Once on the site, type in your patent number. For my older No. 25s, I have to type in a 'zero' before my patent number. Like this: my patent # 2,758,586 will go in as 02758586 (no commas). Click "View patent". On the left you can select 'front page', or 'drawings' , or 'full document'. All of these can be downloaded or printed out.
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Post Options Post Options   Thanks (0) Thanks(0)   Quote Gumslinger Quote  Post ReplyReply Direct Link To This Post Posted: March-16-2020 at 11:37pm

Air tube evolution for No.25 in patents:

1,136,470

1913-1915 the No.25 pump gun is described & patented. The plunger head ‘core’ is a machined chunk of metal fitted with an air tube. This air tube is soldered into a socket provided in its metal face. The air tube has an air inlet near its base. A leather ‘packing’ seal is affixed to this ‘core’ apparatus.

 2,204,370

In 1938 a new patent is applied for. One aim of which is to eliminate the soldering operation, and thus eliminating the drilling of the ‘core’ hole for the air tube. Both simply money-saving ideas.

Followed immediately by this:

 2,204,372

In 1938 a concurrent patent is applied for. This is to overcome the recognized breakage of the air tubes in the original design. (mind you--this is 23 years after 1915). The failures were blamed on the air inlet hole in the air tube--believing it formed a weak spot in the tube itself.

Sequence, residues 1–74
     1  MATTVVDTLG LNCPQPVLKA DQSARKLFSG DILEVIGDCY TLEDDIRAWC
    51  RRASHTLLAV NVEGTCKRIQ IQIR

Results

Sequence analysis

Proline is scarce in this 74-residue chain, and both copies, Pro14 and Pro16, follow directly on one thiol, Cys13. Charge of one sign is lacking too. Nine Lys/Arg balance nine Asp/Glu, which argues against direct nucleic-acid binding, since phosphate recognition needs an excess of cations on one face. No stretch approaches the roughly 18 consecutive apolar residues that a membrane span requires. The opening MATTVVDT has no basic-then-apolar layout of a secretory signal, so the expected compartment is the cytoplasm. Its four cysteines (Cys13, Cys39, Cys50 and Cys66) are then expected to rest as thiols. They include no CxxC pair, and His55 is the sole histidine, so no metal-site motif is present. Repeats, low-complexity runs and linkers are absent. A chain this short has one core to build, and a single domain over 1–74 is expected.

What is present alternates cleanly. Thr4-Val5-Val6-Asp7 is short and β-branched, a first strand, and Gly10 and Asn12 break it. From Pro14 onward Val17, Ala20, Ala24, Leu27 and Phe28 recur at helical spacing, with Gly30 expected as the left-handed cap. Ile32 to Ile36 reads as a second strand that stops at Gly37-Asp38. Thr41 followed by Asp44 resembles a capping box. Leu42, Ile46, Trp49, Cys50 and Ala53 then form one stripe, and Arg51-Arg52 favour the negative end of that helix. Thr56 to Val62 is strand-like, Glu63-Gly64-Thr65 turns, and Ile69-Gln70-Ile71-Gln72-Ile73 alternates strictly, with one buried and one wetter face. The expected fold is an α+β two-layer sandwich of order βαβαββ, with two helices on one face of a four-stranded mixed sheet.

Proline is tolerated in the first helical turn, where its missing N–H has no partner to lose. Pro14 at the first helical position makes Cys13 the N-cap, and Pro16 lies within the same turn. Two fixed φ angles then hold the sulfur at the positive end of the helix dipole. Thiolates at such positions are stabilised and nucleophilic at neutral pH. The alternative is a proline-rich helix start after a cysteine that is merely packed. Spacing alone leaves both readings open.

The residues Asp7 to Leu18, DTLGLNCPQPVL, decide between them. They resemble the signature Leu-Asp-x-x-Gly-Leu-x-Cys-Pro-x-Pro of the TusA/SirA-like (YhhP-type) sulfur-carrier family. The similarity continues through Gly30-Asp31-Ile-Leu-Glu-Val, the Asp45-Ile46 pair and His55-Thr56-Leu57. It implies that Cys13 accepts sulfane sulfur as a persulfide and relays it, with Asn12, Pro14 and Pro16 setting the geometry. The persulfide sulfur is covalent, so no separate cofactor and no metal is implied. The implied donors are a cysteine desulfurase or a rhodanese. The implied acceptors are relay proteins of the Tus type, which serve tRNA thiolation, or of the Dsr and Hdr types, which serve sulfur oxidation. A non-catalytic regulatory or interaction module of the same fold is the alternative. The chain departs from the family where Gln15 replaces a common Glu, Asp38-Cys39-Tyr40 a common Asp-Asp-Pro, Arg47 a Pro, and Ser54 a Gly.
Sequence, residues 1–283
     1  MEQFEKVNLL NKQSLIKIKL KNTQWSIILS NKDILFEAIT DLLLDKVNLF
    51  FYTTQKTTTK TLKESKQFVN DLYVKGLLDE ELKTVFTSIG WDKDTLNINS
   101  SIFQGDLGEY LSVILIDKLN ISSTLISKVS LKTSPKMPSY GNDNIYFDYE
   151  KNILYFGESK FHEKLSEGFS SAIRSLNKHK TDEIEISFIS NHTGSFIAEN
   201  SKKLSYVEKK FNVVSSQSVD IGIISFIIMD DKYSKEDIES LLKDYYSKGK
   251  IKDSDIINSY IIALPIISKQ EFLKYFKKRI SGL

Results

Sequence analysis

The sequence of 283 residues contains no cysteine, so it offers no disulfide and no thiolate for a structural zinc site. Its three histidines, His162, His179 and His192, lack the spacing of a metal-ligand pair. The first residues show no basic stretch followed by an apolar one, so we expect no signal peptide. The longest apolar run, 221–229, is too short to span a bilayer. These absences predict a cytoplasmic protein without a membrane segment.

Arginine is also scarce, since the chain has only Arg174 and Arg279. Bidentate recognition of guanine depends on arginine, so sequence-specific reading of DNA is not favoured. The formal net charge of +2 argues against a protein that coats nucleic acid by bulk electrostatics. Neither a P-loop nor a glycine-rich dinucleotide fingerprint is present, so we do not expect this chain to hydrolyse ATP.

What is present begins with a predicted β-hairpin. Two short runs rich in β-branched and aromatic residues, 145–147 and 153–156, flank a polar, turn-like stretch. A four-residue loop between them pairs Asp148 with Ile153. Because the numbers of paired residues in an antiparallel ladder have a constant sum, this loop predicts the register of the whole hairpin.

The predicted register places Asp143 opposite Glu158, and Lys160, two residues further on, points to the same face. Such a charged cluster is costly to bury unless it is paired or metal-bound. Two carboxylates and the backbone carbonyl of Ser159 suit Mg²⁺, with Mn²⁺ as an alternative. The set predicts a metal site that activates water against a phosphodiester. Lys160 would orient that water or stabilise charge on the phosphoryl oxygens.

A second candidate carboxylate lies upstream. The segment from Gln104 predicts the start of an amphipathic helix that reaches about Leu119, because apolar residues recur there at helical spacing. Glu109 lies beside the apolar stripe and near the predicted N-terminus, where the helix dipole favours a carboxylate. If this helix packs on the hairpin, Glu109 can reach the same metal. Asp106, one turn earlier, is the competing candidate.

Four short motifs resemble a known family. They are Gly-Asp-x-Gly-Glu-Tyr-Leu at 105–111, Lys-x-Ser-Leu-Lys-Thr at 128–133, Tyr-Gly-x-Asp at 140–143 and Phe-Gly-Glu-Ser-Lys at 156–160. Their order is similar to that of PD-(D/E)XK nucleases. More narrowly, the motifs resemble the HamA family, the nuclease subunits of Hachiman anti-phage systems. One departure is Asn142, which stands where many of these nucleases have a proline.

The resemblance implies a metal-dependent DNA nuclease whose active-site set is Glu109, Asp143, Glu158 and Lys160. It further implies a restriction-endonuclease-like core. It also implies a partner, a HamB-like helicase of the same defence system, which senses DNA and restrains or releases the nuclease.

So the air inlet ‘cap’ design is patented, leaving the air tube intact with no cut-in ‘weak spots’.

 2,758,586

In 1953 a new patent is applied for, this time to address the air tube failures following the 1938 patent changes. This was blamed on the rigid (metal) mounting previously used. So the well-known rubber-like mounting material was introduced. This did double duty as a leather-seal replacement. [the seal material mentioned in this patent refers to “heat & oil resistant buna rubber”]. It is possible another material was / is used. I have heard the seals referred to as ‘neoprene’.

 A second reason for improvement was due to the 1938-style air tube cap pounding the abutment leather washer to death (“after 10,000 shots…”). The grooved face on the new neoprene piston seal was also meant to protect the face of the new neoprene abutment seal.   [see leather picture]

Daisy quickly realized they needed an "Oil hole" for this new seal, as the guns were seizing up as the neoprene seals jammed in use.



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cobalt327 View Drop Down
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Post Options Post Options   Thanks (0) Thanks(0)   Quote cobalt327 Quote  Post ReplyReply Direct Link To This Post Posted: March-17-2020 at 2:05pm
Originally posted by jackdog jackdog wrote:

Here are pictures of my plunger head taken apart.  Jay used your technique and it worked very well!
It appears this had a small tab, at least it looks like a tab.  It was not as pronounced as the one Mark showed in his picture, but i am sure it is some sort of protrusion below the collar about 1/16 inch down.  Where the leather washer sat.  It may have been there to stop the plunger washer from moving up too tightly on the leather, but only a guess. 
Do you suppose that is caused by the washer shearing off some of the body as it was driven on?